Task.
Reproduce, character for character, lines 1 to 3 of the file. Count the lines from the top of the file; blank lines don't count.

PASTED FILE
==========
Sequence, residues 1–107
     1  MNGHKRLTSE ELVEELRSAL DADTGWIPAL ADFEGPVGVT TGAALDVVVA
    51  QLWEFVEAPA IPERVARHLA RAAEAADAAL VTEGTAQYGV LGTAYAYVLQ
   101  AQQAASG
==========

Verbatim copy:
Sequence, residues 1–107
     1  MNGHKRLTSE ELVEELRSAL DADTGWIPAL ADFEGPVGVT TGAALDVVVA
    51  QLWEFVEAPA IPERVARHLA RAAEAADAAL VTEGTAQYGV LGTAYAYVLQ